“Seen in the light of the march of law, the expression ‘bride’ occurring in Section 5 of the Hindu Marriage Act, 1955 will have to include within its meaning not only a woman but also a transwoman. It would also include an intersex person/transgender person who identifies herself as a woman.” 

The court thus makes it clear that the parties to marriage cannot be looked at through a single lens. The court also moves away from the strict man-woman binary when it comes to marriage. In this sense, the court affirms the right of a transman or transwoman to legally solemnize their marriage under Hindu Marriage Act, 1955. What was envisaged in NALSA has been reiterated in Arunkumar in a more firm manner. 

This crystallization can be said to have been done in more ways than one. Another aspect of this is how the Court waived the requirement of Sex Reassignment Surgery (SRS) so as to be eligible to be a ‘bride’ under Section 5. The court argues this on the basis of the ‘idea of choice’ while drawing from NALSA. The court gives more weightage to who the person themselves believe they are rather than who the State thinks they are. Thus, if the person herself feels that she is a woman, then that is the only consideration that would matter to give her the recognition of a ‘bride’. The Court says that: 

“The only consideration is how the person perceives herself.”

This paves way for sexual autonomy that enables individuals to get themselves recognized according who they believe or feel they are. This idea of choice as elucidated in NALSA has been applied to the institution of marriage as well by Arunkumar.

A contrary perspective

It cannot be denied that Arunkumar is a progressive judgment in as much as it interprets Section 5. However, this particular case can also be viewed from an alternate lens. This lens is the following.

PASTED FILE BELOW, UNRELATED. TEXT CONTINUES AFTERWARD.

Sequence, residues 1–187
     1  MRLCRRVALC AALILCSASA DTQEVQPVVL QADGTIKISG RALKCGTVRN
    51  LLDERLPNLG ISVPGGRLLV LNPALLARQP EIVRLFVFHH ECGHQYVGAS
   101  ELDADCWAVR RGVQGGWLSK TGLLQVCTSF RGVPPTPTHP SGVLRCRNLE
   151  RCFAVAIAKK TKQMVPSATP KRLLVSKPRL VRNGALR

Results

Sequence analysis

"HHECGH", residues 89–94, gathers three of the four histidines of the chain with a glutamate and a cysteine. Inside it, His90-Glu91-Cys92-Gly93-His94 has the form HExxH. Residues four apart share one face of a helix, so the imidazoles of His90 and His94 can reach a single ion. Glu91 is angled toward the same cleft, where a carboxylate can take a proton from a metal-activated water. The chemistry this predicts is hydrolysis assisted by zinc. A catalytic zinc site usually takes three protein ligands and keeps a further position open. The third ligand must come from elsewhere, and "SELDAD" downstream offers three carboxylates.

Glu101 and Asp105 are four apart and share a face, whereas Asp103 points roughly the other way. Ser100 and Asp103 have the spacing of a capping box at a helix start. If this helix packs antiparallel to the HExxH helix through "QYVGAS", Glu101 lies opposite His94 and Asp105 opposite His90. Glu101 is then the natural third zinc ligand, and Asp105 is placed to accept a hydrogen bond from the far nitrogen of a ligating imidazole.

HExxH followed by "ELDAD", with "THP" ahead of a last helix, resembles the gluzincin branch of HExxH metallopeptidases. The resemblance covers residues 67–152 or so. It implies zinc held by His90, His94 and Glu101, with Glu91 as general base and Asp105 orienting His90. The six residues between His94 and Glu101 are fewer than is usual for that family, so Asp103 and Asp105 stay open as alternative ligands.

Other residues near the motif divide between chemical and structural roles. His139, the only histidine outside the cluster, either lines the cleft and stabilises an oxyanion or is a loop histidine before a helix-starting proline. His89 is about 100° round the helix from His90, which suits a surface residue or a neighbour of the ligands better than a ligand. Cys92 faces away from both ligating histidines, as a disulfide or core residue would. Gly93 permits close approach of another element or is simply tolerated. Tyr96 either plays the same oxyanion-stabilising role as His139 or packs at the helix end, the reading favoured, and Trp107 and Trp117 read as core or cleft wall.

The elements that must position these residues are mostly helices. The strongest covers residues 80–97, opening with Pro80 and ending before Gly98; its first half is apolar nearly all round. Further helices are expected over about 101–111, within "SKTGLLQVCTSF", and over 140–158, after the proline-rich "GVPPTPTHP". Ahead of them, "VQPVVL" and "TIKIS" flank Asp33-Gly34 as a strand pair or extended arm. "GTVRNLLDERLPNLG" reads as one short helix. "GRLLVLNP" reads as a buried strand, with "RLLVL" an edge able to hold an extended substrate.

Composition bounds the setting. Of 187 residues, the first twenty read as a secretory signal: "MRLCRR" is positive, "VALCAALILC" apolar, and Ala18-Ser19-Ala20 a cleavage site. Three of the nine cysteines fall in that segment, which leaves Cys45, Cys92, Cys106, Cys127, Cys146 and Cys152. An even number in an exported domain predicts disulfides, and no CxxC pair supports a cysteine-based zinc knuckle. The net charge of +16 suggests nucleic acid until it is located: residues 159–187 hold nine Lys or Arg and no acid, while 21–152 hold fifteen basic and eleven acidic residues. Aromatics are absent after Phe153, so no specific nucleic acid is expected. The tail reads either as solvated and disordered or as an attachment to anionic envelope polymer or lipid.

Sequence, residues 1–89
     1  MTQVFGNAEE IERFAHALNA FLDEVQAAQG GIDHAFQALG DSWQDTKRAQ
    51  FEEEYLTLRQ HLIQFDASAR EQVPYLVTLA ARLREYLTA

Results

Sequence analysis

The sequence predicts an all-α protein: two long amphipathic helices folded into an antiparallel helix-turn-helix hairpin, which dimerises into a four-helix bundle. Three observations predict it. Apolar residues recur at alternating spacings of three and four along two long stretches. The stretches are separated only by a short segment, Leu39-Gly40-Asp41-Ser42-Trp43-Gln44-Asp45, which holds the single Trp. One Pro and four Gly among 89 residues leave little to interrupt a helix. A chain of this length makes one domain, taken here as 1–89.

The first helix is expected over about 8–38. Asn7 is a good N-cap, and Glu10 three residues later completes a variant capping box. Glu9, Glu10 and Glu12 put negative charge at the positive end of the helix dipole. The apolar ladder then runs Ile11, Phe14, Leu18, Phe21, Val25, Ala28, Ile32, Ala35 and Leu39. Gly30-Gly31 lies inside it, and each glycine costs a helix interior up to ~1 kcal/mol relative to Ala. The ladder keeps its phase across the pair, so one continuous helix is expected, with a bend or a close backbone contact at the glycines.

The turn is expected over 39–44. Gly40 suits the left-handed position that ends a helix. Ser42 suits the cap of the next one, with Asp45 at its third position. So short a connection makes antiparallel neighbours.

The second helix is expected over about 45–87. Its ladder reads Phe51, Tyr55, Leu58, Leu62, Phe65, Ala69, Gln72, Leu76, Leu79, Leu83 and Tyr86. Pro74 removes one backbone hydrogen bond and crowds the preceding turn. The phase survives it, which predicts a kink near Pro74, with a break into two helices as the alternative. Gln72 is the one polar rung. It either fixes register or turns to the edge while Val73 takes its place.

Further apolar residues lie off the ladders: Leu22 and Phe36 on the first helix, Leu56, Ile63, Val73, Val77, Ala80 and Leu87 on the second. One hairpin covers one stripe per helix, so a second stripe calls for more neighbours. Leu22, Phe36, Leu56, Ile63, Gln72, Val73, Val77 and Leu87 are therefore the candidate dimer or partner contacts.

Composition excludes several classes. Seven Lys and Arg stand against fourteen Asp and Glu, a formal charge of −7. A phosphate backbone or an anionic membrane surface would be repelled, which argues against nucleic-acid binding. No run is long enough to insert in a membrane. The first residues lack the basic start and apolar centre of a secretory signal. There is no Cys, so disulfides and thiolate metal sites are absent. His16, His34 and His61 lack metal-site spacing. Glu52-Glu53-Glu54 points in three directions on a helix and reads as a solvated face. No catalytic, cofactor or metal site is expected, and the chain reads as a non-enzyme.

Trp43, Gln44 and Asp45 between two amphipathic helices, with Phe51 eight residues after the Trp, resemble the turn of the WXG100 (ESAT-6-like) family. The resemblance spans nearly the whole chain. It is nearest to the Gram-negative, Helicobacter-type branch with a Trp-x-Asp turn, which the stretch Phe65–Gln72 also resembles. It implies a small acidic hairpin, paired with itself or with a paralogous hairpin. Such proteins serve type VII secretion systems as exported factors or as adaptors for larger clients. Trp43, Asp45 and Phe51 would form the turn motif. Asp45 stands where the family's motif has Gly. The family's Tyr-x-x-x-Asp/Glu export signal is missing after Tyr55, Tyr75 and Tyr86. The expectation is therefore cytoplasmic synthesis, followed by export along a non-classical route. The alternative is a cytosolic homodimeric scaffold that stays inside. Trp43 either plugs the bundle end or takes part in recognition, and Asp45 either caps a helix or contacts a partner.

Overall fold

While analyzing the case, it needs to be kept in mind that the marriage in question is that of a man and a transwoman. Even though Ms. Srija is a transwoman, she is still a woman. Thus, the judgment unintentionally reinforces the idea of  heterosexuality and how same-sex marriage is still a far-fetched dream. It is only this man-woman relationship that enables the Court to come to the conclusion that it did. It would be interesting to note what the outcome of the case would have been had the parties been a man and a transman or a woman and transwoman. However, to be fair, the High Court would not have been able to rule in favor of the petitioners since 377 judgment explicitly states that they have not legalized same sex marriages.   


Keeping this alternate perspective in mind, it becomes important for us to reassess how far we have come as a society. It makes one question that even though we have come a long way, is heteronormativity still the ‘normal’ when it comes to social institutions like marriage? In this context, the Arunkumar case gives one a lot to think about.  

Having said that, the Arunkumar case, by recognizing transgenders in the existing Hindu marriage laws has paved way for doing the same in other social institutions as well. It has also set a firm precedent to encourage Courts to interpret personal laws in a more inclusive manner.